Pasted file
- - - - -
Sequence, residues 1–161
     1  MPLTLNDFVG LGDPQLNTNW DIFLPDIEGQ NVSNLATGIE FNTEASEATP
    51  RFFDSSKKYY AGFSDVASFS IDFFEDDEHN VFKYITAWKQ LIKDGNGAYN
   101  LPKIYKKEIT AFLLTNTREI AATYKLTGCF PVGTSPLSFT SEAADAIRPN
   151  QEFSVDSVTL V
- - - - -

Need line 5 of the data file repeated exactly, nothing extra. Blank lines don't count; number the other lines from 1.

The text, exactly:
   151  QEFSVDSVTL V